If firms are considering pursuing collaborative ESG initiatives, it would be prudent to retain antitrust counsel in the process. The recent scrutiny from some in Congress underscores an increased potential for House oversight hearings of ESG collaborations going forward. Further, some state AGs appear committed to pursuing investigations and potential cases against firms engaged in collaborative ESG agreements raising possible antitrust issues.

Additionally, while it is true that Chair Khan and Assistant AG Kanter did not identify these collaborative agreements as an enforcement priority for either the FTC or the DOJ, that does not mean these agreements benefit from any implied safe harbor. The Biden Administration antitrust enforcers have not signaled any encouragement of such collaborations despite the priority being placed on emissions-reduction by other parts of the Biden executive branch. This lack of clarity on a federal enforcement level creates an uncertain environment for ESG collaborations. Nevertheless, companies can still pursue certain types of ESG collaborations, despite these headwinds, with careful consideration and help from antitrust counsel.

The antitrust risk of any ESG collaboration will ultimately depend on the specific details of the collaboration. That said, collaborations that do not involve the exchange of competitively sensitive information, allow participants to act independently, and do not materially increase price or decrease output are unlikely to raise significant risk from an antitrust perspective. For example, a collaboration that provides participants with information and best practices to reduce carbon emissions, while allowing them to act unilaterally in implementing those reductions, is likely not to be an antitrust concern. However, a collaboration that requires participants to agree to cut off suppliers that do not achieve emissions reductions would likely present risk under a “group boycott” theory of antitrust harm.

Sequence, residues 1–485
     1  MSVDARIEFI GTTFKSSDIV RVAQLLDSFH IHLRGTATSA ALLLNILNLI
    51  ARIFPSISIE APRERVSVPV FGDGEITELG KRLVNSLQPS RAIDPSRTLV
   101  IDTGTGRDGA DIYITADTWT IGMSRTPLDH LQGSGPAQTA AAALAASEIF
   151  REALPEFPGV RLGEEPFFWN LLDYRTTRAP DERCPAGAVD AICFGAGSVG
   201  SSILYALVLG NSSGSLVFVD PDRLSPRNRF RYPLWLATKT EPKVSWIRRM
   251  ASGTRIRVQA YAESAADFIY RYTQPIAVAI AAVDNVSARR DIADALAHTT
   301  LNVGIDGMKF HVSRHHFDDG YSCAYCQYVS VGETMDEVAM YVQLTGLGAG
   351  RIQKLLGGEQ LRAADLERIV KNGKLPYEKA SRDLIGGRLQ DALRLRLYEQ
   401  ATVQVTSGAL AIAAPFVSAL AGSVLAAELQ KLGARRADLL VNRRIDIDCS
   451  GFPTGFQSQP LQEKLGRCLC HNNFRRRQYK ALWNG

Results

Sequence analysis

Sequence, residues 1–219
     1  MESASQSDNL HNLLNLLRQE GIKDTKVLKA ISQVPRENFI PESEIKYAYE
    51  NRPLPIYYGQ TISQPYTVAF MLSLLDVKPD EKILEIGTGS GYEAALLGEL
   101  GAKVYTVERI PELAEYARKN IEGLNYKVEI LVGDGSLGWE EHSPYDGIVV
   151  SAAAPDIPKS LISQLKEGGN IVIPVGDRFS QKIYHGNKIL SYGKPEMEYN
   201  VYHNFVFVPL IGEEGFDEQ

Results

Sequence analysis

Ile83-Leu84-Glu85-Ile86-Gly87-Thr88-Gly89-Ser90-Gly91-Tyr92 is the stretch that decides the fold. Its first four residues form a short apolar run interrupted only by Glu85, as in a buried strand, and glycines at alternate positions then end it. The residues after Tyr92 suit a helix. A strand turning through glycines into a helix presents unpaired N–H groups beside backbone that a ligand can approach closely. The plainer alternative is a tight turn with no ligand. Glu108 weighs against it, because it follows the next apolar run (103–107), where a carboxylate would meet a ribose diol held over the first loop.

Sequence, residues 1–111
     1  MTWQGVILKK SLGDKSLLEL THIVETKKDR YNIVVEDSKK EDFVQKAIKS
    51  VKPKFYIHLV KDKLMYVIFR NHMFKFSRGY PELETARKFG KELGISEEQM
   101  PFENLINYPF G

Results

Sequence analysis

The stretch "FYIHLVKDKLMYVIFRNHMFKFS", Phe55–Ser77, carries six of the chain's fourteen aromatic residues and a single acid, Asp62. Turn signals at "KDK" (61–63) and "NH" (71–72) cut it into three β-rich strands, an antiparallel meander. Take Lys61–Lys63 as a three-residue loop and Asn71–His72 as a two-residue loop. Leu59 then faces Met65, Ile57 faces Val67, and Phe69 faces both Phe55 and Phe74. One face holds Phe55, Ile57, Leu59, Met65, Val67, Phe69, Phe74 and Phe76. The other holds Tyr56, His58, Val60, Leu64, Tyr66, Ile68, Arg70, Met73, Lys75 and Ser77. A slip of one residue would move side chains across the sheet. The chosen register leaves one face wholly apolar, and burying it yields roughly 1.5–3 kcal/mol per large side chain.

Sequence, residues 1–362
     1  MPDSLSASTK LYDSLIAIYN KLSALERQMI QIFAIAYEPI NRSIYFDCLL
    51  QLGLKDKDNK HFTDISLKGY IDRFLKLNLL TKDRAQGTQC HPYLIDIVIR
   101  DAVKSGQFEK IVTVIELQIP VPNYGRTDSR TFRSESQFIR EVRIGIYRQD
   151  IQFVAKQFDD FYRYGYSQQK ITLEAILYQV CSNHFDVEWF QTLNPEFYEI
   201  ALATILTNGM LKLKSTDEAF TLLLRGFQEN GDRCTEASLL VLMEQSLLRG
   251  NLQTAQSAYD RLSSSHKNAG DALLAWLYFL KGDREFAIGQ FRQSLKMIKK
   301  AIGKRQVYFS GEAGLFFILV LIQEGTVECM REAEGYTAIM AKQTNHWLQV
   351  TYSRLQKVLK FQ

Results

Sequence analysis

The European Approach to ESG Collaboration

In contrast to the U.S. approach, the EU is starting to shift towards a more flexible approach to ESG collaborations and to provide helpful guidance. Earlier this year, the European Commission (EC) published a draft of its revised Horizontal Guidelines (Guidelines) which now include a new chapter on sustainability.5 The draft Guidelines make clear that sustainability agreements will not raise antitrust concerns where they do not affect the parameters of competition (such as price, quality, quantity, choice, or innovation). For instance, agreements that are related to internal corporate conduct (e.g., eliminating the use of single-use plastics), the creation of a database with information on sustainable suppliers or distributors, or which relate to the organization of environmental awareness campaigns, generally do not raise competition concerns. The Guidelines also provide a “soft” safe harbor for standard-setting agreements, provided certain criteria are met. The guidelines are due in early 2023.6